American Association for Hand Surgery

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Relationship of the radial head safe zone to the bicipital tuberosity
Damian Fountain, BS1, Nathan Hoekzema, MD2, Allicia Imada, MD1, Robert Gray, MD3, Jorge Orbay, MD4, Francisco Rubio, MD4, Deana Mercer, MD1
1University of New Mexico Department of Orthopaedics and Rehabilitation, Albuquerque, NM, 2University of California Fresno, Fresno, CA, 3NorthShore University HealthSystem, Glenview, IL, 4Miami Hand and Upper Extremity Institute, Miami, FL

Introduction: In treating proximal radius fractures involving the radial head and neck, it is difficult to discern the correct anatomical plate position to avoid abutment at the proximal radial ulnar joint. Current techniques are difficult to apply intraoperatively with complex fractures. We hypothesized that 1) the bicipital tuberosity can be easily and reproducibly visualized fluoroscopically and 2) the imaging findings can confirm radial head plate position in the safe zone.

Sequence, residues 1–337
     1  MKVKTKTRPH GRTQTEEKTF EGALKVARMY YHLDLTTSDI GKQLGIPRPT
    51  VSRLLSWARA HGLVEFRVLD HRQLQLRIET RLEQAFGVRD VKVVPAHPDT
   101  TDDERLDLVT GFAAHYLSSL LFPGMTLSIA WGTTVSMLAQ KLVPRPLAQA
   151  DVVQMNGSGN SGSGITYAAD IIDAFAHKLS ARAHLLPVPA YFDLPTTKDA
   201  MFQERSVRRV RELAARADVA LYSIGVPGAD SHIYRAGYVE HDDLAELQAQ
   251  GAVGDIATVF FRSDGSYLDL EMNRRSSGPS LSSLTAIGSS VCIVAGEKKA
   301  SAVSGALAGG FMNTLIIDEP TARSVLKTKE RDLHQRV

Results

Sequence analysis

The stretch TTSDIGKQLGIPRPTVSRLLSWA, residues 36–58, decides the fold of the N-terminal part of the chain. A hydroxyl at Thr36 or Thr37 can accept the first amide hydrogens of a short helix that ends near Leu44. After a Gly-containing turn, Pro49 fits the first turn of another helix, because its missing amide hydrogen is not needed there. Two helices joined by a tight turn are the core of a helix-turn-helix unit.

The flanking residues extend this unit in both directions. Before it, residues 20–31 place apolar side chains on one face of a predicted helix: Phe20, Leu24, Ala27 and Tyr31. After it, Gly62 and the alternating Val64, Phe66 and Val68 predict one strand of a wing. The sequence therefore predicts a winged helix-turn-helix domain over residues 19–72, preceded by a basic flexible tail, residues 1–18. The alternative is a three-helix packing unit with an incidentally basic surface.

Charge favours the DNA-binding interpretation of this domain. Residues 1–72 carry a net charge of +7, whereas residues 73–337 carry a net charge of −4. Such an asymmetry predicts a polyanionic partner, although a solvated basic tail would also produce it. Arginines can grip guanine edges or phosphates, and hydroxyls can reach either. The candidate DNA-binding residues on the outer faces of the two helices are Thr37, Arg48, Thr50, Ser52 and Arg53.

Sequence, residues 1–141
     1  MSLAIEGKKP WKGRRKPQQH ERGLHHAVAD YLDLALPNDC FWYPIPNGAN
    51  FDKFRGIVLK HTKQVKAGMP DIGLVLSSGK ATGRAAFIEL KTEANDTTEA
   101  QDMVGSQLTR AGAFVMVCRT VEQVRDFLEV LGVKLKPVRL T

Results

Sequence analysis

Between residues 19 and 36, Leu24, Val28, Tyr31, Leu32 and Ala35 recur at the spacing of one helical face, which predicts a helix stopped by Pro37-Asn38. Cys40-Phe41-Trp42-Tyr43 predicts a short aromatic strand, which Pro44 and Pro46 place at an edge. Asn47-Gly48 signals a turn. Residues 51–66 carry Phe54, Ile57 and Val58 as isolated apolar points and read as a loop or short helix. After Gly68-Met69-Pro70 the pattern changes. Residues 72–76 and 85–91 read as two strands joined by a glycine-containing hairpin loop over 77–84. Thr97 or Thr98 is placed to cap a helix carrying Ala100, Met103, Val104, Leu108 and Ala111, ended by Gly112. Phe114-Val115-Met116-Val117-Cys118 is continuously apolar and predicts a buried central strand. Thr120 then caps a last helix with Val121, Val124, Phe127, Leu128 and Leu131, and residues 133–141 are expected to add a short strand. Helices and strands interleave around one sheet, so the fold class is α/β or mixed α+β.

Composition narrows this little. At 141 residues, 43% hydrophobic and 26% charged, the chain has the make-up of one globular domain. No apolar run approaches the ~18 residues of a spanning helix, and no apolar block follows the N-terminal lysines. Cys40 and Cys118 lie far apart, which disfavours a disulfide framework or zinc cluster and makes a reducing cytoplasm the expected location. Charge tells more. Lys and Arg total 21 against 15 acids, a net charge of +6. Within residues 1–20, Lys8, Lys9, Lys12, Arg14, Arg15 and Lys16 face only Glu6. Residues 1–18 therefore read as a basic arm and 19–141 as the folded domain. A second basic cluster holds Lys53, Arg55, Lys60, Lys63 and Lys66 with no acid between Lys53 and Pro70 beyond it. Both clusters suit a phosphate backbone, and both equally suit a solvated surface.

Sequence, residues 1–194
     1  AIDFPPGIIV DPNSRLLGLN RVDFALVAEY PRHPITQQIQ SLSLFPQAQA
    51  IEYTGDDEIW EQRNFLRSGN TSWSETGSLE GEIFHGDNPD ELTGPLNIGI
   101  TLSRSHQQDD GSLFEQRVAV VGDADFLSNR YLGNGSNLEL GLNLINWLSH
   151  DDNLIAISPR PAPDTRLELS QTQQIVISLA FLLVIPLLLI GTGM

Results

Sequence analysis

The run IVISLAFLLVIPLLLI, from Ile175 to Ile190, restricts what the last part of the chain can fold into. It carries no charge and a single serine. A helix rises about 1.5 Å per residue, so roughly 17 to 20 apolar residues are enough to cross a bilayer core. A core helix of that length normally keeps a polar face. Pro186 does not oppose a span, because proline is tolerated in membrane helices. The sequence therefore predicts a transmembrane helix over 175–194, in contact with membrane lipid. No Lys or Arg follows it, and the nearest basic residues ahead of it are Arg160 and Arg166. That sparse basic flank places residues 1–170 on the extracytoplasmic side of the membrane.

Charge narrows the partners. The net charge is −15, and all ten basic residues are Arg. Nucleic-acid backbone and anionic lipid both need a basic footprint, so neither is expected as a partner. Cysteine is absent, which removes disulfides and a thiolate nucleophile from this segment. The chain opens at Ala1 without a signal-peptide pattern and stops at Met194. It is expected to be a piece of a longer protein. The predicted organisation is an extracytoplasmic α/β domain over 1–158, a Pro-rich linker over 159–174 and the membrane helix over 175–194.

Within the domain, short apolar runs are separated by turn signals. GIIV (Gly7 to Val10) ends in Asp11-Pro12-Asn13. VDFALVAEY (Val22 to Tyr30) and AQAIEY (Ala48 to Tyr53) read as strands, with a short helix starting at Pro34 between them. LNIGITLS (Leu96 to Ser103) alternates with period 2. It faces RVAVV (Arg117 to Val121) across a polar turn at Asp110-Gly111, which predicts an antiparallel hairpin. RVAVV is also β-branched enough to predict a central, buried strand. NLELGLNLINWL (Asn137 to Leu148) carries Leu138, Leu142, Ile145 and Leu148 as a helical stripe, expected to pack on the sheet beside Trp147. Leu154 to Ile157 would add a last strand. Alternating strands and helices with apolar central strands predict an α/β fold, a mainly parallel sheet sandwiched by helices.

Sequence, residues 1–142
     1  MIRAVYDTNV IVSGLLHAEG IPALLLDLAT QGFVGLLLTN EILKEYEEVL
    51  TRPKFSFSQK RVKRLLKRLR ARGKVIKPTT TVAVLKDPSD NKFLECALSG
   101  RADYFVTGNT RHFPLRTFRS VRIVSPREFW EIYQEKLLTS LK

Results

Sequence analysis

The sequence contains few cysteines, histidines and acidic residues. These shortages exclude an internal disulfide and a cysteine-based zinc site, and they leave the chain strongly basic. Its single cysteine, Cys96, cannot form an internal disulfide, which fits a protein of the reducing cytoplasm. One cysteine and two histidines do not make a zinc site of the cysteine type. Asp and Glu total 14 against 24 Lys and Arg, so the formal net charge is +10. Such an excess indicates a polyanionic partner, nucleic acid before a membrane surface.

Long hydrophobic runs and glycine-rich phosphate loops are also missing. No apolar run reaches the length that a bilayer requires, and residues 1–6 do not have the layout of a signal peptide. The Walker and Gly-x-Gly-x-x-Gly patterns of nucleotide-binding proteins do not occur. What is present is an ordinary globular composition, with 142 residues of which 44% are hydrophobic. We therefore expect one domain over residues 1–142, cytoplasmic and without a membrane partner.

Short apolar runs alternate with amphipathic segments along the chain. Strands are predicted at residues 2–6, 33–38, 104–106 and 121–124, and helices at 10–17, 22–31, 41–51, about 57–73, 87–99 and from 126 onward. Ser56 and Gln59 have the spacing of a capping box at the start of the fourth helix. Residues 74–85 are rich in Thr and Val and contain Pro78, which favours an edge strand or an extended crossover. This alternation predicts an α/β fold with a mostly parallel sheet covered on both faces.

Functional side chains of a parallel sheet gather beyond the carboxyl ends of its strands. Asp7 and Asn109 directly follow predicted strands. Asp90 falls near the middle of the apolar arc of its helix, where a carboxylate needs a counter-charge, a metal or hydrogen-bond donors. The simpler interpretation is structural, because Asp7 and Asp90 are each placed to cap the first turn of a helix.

Materials & Methods: We identified the anatomical safe zone as described by Caputo et al. and Smith and Hotchkiss of 17 cadaveric radial heads using two different techniques. We placed a proximal radial head plate in the safe zone and determined the position of the zone in relation to the bicipital tuberosity.

Results: The anatomical safe zone was accurately identified. The plates placed within 15 of the 180 point to the bicipital tuberosity were within the safe zone.

Conclusions: The bicipital tuberosity can be a consistent fluoroscopic landmark in treating proximal radius fractures. Plates are in the safe zone if placed 180 opposite of the bicipital tuberosity, within 15 of the exact 180 position, and will not impinge on the proximal radial ulnar joint.

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